In the year of the mogul, the brand, the global marketing icon, Kevin Durant was just a basketball player. He led the Oklahoma City Thunder from 23 wins to 50, became the youngest scoring champion in NBA history and was voted MVP of the FIBA World Championship. If only he hatched some self-aggrandizing PR strategy, he might have parlayed his success into a few more endorsement deals and corporate partners. He made countless fans, though, by proving there is still a place for modesty and loyalty in the highest reaches of pro sports.
When Durant earned his first trip to the All Star Game in February, he bought his teammates headphones with "Thank You" written on the sides. When he earned his first trip to the postseason in April, he called Kobe Bryant the best player on the court. And when the Thunder fell in six games, Durant gathered them in the middle of the floor and told them they would be stronger for the struggle.
Then, while his peers bolted for bigger cities and easier title shots, Durant signed a five-year extension to stay in the smallest market in the league. He made his announcement the same week as LeBron James, only he required no more than 27 words on his Twitter account. At the time the contract was finalized, Durant was in Orlando, working out with the Thunder's summer league team. "That was like vacation for me," he gushed.
Durant extended his holiday to the World Championship in Istanbul, where he carried Team USA to its first goal medal since 1994, scoring 22.8 points per game on a sublime 56 percent shooting, without the help of other American A-listers, most of whom opted to stay home. Durant took one day off after the tournament and was back at the Thunder facility before club officials knew he was back in the country.
"The beauty about Kevin is he's pure," USA coach Mike Kryzyzewski said. "He's not trying to do anything except play basketball." When Durant received his gold medal, he was asked if he expected his performance to aid his global-marketing appeal. He looked as if the question had been posed in Turkish.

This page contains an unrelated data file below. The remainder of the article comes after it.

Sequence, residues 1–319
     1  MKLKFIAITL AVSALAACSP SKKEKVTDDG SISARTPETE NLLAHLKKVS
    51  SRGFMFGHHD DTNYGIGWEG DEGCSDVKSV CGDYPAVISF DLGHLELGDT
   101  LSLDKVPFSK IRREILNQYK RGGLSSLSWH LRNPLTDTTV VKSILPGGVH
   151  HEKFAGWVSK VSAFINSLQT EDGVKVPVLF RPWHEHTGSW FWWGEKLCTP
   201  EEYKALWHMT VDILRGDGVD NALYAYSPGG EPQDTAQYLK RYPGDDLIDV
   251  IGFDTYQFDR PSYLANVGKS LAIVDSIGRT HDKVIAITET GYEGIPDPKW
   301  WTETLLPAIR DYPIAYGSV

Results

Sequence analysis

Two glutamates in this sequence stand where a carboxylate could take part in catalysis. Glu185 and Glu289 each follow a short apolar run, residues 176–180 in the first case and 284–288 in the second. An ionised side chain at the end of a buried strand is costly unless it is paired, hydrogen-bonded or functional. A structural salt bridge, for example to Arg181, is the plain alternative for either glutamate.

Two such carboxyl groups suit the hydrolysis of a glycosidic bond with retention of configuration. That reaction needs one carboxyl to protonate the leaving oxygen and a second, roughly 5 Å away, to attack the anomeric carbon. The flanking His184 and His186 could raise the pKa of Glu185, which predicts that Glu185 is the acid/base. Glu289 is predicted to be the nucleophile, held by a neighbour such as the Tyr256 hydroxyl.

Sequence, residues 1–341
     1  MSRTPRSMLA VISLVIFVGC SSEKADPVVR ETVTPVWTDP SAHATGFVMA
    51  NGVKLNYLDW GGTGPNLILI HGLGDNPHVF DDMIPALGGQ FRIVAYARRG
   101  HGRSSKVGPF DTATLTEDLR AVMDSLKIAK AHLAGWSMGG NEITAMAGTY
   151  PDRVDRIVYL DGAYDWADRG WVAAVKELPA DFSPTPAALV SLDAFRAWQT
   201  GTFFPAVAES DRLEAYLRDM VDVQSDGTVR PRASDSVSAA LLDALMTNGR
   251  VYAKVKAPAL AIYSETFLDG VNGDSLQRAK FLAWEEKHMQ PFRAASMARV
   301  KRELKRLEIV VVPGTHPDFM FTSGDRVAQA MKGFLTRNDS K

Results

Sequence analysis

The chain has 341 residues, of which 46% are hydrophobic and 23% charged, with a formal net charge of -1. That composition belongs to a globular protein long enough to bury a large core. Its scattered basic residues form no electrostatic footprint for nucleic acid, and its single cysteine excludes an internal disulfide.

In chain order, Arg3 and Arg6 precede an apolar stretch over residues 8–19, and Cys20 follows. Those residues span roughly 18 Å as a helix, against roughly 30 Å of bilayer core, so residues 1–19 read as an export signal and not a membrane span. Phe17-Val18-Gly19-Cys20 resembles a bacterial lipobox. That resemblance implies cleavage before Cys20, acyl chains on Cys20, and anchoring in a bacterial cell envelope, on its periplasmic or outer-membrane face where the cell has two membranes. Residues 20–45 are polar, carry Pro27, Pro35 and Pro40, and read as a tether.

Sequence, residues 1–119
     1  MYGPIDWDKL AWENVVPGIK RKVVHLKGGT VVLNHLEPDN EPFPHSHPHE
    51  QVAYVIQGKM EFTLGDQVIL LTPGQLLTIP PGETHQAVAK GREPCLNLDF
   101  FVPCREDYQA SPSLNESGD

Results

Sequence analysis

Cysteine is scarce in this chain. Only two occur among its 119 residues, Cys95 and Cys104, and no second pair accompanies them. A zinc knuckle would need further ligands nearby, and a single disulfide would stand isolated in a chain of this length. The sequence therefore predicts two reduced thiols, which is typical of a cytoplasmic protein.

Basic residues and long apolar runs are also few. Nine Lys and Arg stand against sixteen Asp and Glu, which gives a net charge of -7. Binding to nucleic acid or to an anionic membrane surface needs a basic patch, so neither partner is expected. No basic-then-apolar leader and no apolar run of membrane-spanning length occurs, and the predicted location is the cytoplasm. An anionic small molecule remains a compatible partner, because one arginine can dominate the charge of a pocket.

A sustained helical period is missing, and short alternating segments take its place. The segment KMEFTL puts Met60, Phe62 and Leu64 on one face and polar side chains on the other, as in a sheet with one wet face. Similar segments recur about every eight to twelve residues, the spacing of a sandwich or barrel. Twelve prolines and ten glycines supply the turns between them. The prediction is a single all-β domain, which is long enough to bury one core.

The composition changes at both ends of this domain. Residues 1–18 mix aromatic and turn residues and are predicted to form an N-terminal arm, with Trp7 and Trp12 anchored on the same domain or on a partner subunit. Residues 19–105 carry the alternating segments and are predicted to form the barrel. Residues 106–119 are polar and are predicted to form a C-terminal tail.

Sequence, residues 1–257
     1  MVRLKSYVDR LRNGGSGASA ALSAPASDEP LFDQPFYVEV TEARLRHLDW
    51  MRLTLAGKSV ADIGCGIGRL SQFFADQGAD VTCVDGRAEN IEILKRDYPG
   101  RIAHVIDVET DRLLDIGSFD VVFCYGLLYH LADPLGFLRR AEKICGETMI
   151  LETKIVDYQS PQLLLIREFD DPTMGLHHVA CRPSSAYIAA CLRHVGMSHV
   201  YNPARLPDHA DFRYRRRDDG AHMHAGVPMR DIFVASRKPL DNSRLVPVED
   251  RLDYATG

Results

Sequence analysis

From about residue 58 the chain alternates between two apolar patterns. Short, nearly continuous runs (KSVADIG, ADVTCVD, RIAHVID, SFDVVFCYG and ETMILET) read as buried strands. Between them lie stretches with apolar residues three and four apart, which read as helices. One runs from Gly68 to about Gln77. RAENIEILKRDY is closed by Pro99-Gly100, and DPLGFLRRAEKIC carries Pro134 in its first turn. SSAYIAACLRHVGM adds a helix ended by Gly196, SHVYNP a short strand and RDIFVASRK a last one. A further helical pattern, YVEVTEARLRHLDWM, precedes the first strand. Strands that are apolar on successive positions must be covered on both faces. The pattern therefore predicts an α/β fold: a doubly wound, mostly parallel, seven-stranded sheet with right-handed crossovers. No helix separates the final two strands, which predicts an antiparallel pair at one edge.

Durant has turned the Thunder into America's team, an organic alternative for the masses weary of the Heat. Before every game Durant gives a high-five to the same young fan in the lower bowl at the Ford Center. ("My friend Tyler," he said.) He shouts the same word at the end of every huddle. ("Family," he said. "Always family.") He begs anybody who has not visited the NBA's loudest arena to come on over. ("You really have to experience a Thunder game," he said.) When it is time to cut loose and skip town, as he did for his 22nd birthday party in Washington, D.C., he and his teammates do not fly charter. "Southwest," Durant said. "They gave me an exit row."
He refuses to judge his fellow superstars or their hedge-fund sensibilities. In fact, he supports them, and he should. They have made him appear quaint by comparison, like the best player at the biggest Y, who loves his team and his gym and wants to know when the next game tips. After the summer of self-promotion, he is the much-needed reminder that ballplayers can still be ballplayers. He is not Businessman of the Year, the title for which so many seemed to be vying, but he is Sportsman of the Year.
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